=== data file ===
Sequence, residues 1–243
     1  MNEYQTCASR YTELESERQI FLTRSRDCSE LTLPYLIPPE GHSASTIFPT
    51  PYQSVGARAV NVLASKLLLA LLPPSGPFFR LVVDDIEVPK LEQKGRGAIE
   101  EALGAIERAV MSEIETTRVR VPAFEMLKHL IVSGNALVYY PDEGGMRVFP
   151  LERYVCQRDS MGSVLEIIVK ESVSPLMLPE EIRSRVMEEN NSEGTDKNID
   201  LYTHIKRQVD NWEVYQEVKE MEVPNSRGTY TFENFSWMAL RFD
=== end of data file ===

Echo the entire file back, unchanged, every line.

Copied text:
Sequence, residues 1–243
     1  MNEYQTCASR YTELESERQI FLTRSRDCSE LTLPYLIPPE GHSASTIFPT
    51  PYQSVGARAV NVLASKLLLA LLPPSGPFFR LVVDDIEVPK LEQKGRGAIE
   101  EALGAIERAV MSEIETTRVR VPAFEMLKHL IVSGNALVYY PDEGGMRVFP
   151  LERYVCQRDS MGSVLEIIVK ESVSPLMLPE EIRSRVMEEN NSEGTDKNID
   201  LYTHIKRQVD NWEVYQEVKE MEVPNSRGTY TFENFSWMAL RFD